It’s no secret that small businesses and restaurants have been devastated by the economic impacts brought on by the coronavirus, but now local government is helping by buying meals directly from restaurants to feed first responders.
Henrico County and Richmond have launched programs that give on-duty first responders in each locality a meal (up to $15) from an approved list of local restaurants.
The details are a little different in each locality, but the emphasis on local is the same in both: The meal must come from a locally owned restaurant — no chains or franchises.
And it all started with a restaurant owner.
In late March, Cari Tretina, chief of staff to Henrico County Manager John Vithoulkas, got an urgent call from Bobby Haller, owner of Sandston Smokehouse restaurant. Haller said his restaurant might have to close for good if he didn’t get some help, according to Tretina.
An idea came out of that urgent Saturday call. By Tuesday, Henrico had launched the first version of the program that would become “Nourish Henrico.”
“Restaurants collect around $30 million a year for us in meals tax. This is us giving back to them,” Tretina said. “And when you compare what restaurants have done for us — for our budget and our schools, which is where the meals tax money goes — there’s no comparison.”
Henrico launched its program in late March with around 50 restaurants. Today it has more than 100 participating, helping feed up to 900 front-line workers daily. The program launched for firefighters and police officers, but it’s expanded in the past month to include janitors, landfill workers and mental health social services employees.
Workers simply go to any participating restaurant of their choice and Henrico picks up the tab.
Tretina said the county has repurposed money set aside for advertising and sports tourism and has thus far spent about $130,000 — or $20,000 to $30,000 a week — at local restaurants.
She said she’s heard from owners who count on this program’s participants as their biggest customers of the week. Some restaurant owners have even been able to hire back workers, she said.
“It gives me goose bumps.”
Toast restaurant owners Josh and Jessica Bufford said the program has been immensely helpful to them — and it helps them move the needle every day.
“It has helped immediately,” Jessica Bufford said. “It’s easily two dozen people a day, without a lot of red tape.”
John Murden, general manager of Garnett’s Cafe in the Fan District, had a similar response to Richmond’s program.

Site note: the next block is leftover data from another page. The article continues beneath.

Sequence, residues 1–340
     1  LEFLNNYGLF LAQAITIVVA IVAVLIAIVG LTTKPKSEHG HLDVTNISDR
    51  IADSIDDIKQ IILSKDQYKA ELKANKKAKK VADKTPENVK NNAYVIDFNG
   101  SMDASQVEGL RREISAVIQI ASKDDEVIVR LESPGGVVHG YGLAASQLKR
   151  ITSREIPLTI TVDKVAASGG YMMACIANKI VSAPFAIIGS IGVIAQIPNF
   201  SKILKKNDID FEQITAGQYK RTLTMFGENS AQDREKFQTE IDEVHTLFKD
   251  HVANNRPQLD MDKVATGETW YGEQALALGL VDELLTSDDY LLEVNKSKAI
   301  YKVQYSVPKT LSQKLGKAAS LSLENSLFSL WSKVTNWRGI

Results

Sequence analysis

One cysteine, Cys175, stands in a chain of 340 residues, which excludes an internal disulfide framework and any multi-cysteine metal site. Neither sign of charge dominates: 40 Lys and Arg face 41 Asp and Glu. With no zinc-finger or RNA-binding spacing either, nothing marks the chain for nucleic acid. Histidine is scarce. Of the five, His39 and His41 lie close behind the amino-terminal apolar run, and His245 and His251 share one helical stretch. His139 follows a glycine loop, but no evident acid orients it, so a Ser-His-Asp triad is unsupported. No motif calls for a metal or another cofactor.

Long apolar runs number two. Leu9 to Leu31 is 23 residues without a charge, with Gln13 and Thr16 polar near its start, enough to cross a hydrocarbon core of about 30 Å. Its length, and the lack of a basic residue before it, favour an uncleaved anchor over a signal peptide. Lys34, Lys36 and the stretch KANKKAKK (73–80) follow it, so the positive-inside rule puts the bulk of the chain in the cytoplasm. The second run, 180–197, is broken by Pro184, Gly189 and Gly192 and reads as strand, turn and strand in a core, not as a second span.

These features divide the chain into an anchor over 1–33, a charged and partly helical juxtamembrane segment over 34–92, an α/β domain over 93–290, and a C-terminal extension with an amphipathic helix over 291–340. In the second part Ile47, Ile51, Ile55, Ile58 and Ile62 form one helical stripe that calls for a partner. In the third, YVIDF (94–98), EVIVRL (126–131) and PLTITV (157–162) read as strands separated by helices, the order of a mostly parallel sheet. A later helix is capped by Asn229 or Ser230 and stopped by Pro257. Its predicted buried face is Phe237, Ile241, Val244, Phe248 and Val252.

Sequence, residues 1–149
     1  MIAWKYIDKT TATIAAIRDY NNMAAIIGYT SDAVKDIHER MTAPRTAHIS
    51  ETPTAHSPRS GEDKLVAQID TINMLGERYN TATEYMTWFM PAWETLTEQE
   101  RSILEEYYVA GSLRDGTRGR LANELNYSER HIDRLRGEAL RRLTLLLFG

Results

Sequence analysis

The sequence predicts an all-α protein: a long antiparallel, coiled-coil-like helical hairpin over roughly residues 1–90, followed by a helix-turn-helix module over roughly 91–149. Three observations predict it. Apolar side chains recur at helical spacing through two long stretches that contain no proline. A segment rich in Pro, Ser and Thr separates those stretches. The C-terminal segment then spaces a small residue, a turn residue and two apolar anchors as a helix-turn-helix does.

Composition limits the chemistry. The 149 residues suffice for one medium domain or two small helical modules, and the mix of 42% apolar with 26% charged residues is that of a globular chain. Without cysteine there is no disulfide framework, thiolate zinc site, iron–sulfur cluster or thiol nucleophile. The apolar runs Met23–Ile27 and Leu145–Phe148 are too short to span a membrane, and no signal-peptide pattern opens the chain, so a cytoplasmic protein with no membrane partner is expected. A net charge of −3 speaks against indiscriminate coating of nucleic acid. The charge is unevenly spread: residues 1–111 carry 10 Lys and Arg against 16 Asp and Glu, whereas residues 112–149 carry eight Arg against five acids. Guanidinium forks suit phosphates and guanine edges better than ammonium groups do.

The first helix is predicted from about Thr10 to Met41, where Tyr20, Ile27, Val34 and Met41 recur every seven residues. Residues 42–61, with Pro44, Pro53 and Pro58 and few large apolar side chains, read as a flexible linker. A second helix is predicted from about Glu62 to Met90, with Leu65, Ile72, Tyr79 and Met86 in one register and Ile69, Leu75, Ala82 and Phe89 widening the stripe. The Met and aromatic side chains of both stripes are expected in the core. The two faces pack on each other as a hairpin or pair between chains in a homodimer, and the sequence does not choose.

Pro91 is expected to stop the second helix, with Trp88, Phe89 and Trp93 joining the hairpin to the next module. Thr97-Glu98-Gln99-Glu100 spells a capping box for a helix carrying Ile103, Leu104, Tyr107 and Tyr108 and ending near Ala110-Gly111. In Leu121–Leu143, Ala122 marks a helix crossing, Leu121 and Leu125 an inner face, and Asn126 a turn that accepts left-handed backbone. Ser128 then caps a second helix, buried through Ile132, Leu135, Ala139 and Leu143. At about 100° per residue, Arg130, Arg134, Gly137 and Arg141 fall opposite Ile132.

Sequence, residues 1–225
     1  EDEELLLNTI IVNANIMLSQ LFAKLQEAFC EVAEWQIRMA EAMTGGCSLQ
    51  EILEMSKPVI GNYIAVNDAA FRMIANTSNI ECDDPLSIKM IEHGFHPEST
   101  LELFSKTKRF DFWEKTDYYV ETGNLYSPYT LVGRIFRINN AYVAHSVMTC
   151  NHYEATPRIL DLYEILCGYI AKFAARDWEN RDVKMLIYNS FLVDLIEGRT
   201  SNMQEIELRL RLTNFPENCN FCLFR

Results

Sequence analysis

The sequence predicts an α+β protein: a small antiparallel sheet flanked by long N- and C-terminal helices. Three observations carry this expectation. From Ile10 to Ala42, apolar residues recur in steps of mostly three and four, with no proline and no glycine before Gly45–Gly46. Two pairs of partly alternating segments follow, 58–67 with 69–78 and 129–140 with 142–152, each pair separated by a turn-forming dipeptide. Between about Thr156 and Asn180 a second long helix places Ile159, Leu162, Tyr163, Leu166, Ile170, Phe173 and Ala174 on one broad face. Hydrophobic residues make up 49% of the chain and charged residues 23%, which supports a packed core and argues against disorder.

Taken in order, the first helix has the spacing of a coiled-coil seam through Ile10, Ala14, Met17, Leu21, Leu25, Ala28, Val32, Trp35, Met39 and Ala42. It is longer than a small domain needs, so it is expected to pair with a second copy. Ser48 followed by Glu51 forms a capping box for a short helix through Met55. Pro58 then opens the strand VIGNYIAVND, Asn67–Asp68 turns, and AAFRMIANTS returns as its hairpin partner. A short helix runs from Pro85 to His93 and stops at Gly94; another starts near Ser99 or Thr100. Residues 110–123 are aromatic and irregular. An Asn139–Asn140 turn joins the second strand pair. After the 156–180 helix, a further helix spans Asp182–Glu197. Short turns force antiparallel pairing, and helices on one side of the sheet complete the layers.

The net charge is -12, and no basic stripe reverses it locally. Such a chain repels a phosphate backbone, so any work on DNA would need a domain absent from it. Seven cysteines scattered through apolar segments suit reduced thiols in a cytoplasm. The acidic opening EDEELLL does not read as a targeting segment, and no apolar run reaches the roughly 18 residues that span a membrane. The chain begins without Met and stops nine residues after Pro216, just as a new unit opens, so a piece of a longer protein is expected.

“This is the most direct help we’ve gotten so far,” Murden said.
The program officially launched in Richmond in mid-April, but Mayor Levar Stoney helped raise awareness for it Wednesday at Garnett’s. Stoney helped Murden hand out roughly 30 lunches to Richmond firefighters.
“That’s a proper lunch right there,” Murden said, noting on some days, he’d be happy to have just those 30 orders. Instead, “it’s a boon on top of everything.”
Murden said they were able to do the lunches for about $10 a head, which works out to roughly $300 in the coffers for the day.
Richmond is running its program — called “COVID-19 First Responder Meal Program” — on a weekly schedule. And on some weeks, Garnett’s is on the schedule twice, so it’s double the impact.
Richmond has set aside roughly $500,000 to pay for the meals, which can be purchased by about 700 first responders and city workers, including police officers, firefighters and Richmond Ambulance and 911 dispatch workers. Stoney spokesman Jim Nolan said the $500,000 is coming from “departmental savings and cuts.”
“The backbone of our city is our restaurants and our first responders,” Stoney said. “This puts them both together.”
To participate, restaurants in the city need to fill out a contact information form, be up to date on their meals tax payments as of February, and have fewer than 25 employees at each location. Restaurants can apply at .
Restaurants will be assigned one or more days where the program pays for a first responder’s meal, with the restaurants changing each day.
Richmond currently has 29 restaurants on its approved list, but it is looking for more, said Leonard Sledge, director of the Richmond Department of Economic Development.
“We have the best food scene in the country,” Stoney said. “If one restaurant doesn’t reopen, we all suffer.”